The vintage period in the automotive world was a time of transition. The car started off in 1919 as still something of a rarity, and ended up, in 1930, well on the way towards ubiquity. In fact, automobile production at the end of this period was not matched again until the 1950s. In the intervening years, most industrialised states built nationwide road systems with the result that, towards the end of the period, the ability to negotiate unpaved roads was no longer a prime consideration of automotive design.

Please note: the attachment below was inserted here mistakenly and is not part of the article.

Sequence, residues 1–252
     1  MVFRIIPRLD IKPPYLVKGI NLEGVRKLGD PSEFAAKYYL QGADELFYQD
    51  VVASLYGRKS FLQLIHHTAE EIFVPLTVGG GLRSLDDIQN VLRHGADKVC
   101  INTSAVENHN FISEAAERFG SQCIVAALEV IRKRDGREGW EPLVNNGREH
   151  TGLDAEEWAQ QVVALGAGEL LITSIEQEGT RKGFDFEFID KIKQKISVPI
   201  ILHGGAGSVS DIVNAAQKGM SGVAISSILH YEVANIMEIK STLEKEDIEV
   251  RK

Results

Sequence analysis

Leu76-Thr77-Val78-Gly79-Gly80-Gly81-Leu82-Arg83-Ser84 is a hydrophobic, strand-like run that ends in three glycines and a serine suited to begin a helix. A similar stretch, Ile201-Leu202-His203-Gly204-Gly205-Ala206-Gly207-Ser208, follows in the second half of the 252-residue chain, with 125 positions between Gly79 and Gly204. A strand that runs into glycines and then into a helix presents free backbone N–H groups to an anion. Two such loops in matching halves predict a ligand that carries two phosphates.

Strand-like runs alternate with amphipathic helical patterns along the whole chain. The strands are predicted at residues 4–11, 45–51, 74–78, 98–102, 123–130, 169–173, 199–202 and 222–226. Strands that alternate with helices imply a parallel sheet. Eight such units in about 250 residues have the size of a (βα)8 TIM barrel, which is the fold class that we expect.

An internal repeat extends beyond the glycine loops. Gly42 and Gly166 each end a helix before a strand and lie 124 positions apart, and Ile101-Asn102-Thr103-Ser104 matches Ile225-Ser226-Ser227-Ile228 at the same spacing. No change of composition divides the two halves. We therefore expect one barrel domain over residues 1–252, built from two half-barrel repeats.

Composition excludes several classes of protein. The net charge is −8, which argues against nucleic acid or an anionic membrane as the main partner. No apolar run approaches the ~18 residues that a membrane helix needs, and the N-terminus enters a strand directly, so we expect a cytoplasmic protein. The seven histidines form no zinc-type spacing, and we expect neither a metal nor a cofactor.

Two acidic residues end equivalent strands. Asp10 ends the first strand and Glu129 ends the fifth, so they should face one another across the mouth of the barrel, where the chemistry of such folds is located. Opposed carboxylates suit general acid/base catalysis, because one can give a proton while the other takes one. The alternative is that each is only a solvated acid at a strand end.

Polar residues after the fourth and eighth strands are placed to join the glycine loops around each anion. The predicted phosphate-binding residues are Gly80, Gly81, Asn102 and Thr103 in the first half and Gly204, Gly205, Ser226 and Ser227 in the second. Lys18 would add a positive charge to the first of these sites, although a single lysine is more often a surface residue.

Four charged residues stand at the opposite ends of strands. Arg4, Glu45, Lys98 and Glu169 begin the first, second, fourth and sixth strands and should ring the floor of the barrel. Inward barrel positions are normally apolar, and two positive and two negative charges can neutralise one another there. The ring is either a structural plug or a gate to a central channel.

Cars became much more practical, convenient and comfortable during this period. Car heating was introduced, as was the in-car radio. Antifreeze was introduced, allowing water-cooled cars to be used year-round. Four-wheel braking from a common foot pedal was introduced, as was the use of hydraulically actuated brakes. Power steering was also an innovation of this era. Towards the end of the vintage era, the system of octane rating of fuel was introduced, allowing comparison between fuels.